Puss Moth Caterpillar (Megalopyge opercularis)

I never really think of moths or caterpillars as being venomous. I’m not afraid of them, and I used to always pick up caterpillars as a kid. I think I even had a tupperware container with branches and leaves that I would keep caterpillars in. But apparently there are some species of these cute animals that are venomous, so be wary of them!

One species of venomous caterpillar is the puss caterpillar, which can be found in the southern US, Mexico, and in Central America. The adults are known by multiple names, including puss moth and southern flannel moth, but I will refer to them as puss moths since that’s what the larvae are generally known as, and they are the interesting facet of this species. They prefer to live on trees, usually oaks, elms and citrus trees. These nasty critters can also be found on rose bushes and ivy.

The adult puss moth. So very fuzzy.  Image credit: Patrick Coin via Wikipedia

The adult puss moth. So very fuzzy.
Image credit: Patrick Coin via Wikipedia

Despite the fact that they are venomous, puss caterpillars and moths are actually pretty cute. The caterpillars are covered in long silky ‘hairs’ that make them look a bit like tribbles. Colour of the caterpillars ranges from grey-white to brown to dark grey. Often caterpillars have an orange stripe running down the top of their bodies. The moths of this species are still very fuzzy, with hair all over their body and legs, and black fur on their feet.

Puss moths are not dangerous to people, but the caterpillars definitely are. The tricky thing about these guys is that they look soft and fluffy, which makes people want to pet them. This is a mistake, don’t do it. Hidden inside that floofy ‘fur’ are venomous spines that get stuck in human skin and cause extremely painful stings. The stings can cause many symptoms including burning, swelling, nausea, extreme pain and numbness. Very unpleasant stuff.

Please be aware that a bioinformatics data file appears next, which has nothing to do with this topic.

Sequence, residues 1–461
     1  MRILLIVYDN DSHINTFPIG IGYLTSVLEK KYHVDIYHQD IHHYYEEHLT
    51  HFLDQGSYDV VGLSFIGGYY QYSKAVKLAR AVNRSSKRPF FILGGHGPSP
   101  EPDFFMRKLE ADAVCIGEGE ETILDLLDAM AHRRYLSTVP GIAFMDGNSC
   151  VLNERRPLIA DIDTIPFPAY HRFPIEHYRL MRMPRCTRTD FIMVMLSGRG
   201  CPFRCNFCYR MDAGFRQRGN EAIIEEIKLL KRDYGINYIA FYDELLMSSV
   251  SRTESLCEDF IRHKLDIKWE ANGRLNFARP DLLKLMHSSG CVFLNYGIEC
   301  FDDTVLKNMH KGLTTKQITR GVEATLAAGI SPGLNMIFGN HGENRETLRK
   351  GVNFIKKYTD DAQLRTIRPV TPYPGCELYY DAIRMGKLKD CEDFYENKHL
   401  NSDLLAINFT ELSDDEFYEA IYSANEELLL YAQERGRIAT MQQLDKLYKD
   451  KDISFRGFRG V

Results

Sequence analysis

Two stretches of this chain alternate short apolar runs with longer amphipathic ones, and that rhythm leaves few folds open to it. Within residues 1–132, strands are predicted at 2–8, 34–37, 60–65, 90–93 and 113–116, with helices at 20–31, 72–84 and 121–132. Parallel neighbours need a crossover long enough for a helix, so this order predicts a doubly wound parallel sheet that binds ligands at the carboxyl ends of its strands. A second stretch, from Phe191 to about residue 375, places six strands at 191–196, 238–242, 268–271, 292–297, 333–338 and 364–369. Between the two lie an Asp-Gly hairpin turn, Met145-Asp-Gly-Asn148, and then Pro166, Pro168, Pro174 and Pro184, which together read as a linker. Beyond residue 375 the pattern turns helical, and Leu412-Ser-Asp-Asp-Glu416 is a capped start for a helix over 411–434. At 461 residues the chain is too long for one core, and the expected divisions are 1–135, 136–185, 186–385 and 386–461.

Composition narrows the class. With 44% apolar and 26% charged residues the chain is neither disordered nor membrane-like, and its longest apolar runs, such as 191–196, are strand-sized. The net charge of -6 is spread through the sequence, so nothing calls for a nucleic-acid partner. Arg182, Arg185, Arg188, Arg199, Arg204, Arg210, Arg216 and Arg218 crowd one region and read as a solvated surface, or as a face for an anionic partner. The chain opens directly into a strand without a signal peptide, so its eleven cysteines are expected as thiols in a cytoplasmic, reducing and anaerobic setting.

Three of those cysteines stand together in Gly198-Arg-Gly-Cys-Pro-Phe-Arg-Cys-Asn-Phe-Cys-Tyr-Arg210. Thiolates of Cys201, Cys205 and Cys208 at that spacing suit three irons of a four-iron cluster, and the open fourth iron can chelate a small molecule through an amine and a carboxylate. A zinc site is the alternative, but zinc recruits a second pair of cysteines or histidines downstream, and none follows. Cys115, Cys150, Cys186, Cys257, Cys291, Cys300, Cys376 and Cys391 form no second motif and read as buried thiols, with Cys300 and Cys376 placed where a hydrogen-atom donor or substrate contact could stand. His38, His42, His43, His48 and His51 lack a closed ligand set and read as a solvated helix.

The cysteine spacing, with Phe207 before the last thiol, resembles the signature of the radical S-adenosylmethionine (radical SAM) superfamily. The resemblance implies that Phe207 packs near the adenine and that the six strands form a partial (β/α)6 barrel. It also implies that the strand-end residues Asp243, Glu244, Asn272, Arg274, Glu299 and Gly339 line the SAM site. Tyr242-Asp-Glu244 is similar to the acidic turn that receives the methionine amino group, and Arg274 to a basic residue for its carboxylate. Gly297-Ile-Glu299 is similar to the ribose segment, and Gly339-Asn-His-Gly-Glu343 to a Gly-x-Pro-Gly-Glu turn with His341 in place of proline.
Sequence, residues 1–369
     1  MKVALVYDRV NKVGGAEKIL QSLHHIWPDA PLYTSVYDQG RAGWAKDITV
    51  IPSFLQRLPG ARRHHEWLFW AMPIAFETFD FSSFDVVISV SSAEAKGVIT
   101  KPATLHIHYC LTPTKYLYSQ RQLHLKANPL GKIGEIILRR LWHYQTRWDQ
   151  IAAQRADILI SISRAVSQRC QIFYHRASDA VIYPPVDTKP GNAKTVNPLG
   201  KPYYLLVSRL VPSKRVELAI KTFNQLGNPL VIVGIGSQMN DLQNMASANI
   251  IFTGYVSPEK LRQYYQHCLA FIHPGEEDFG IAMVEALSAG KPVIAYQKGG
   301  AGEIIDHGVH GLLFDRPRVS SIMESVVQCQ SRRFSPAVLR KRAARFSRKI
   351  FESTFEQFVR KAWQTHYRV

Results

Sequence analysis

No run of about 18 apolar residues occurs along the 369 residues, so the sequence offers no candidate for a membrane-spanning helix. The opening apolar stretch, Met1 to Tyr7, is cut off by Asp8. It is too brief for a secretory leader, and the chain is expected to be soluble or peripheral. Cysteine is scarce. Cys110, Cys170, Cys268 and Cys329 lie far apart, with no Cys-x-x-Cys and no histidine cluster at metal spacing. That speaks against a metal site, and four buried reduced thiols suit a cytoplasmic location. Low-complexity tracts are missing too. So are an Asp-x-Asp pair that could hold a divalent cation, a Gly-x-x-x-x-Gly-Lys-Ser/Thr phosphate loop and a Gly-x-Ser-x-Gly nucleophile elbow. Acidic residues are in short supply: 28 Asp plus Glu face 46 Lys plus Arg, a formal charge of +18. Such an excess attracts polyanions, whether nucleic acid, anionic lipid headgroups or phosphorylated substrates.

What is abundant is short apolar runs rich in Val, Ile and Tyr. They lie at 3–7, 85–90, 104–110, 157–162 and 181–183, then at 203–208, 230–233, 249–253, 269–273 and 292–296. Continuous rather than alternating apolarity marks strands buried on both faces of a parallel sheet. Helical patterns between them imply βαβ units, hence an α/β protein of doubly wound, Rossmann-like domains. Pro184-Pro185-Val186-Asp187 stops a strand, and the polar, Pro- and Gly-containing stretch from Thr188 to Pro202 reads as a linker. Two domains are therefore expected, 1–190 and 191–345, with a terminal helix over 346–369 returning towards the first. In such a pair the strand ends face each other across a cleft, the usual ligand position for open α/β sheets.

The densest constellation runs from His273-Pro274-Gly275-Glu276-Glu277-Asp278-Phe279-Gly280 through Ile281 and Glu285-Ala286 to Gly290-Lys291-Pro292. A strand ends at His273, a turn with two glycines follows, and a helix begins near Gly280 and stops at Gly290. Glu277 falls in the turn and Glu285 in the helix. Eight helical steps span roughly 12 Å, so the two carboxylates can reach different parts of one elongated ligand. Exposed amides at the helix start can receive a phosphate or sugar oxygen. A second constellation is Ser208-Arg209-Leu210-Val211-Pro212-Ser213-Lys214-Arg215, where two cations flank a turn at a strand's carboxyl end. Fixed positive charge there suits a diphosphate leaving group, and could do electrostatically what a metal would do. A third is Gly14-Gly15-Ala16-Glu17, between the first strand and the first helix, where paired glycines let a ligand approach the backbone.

The even fuzzier caterpillar.  Image credit: Don Hall, from http://www.huffingtonpost.com/2014/09/10/puss-caterpillar_n_5794246.html

The even fuzzier caterpillar.
Image credit: Don Hall, from http://www.huffingtonpost.com/2014/09/10/puss-caterpillar_n_5794246.html

Unfortunately for us, the adult stage of the puss moth doesn’t last very long, which means the venomous caterpillars are around a lot longer than the friendly moths. The adults only live for about a week, and usually lay their eggs the night they emerge from their cocoon. The larvae go through a number of moults, getting hairier with each stage. When they are ready to build their cocoons, the caterpillars spin a thin framework of silk and then detach their hairy coats to complete their cosy sleeping bag. It’s a handy technique, but kind of gross in a way.

While puss moth caterpillars are not the only venomous caterpillars in the world, they are the most venomous species in the US, so be carefully around really fuzzy, cute things. They could be dangerous.

Advertisements

Leave a Reply

Fill in your details below or click an icon to log in:

WordPress.com Logo

You are commenting using your WordPress.com account. Log Out / Change )

Twitter picture

You are commenting using your Twitter account. Log Out / Change )

Facebook photo

You are commenting using your Facebook account. Log Out / Change )

Google+ photo

You are commenting using your Google+ account. Log Out / Change )

Connecting to %s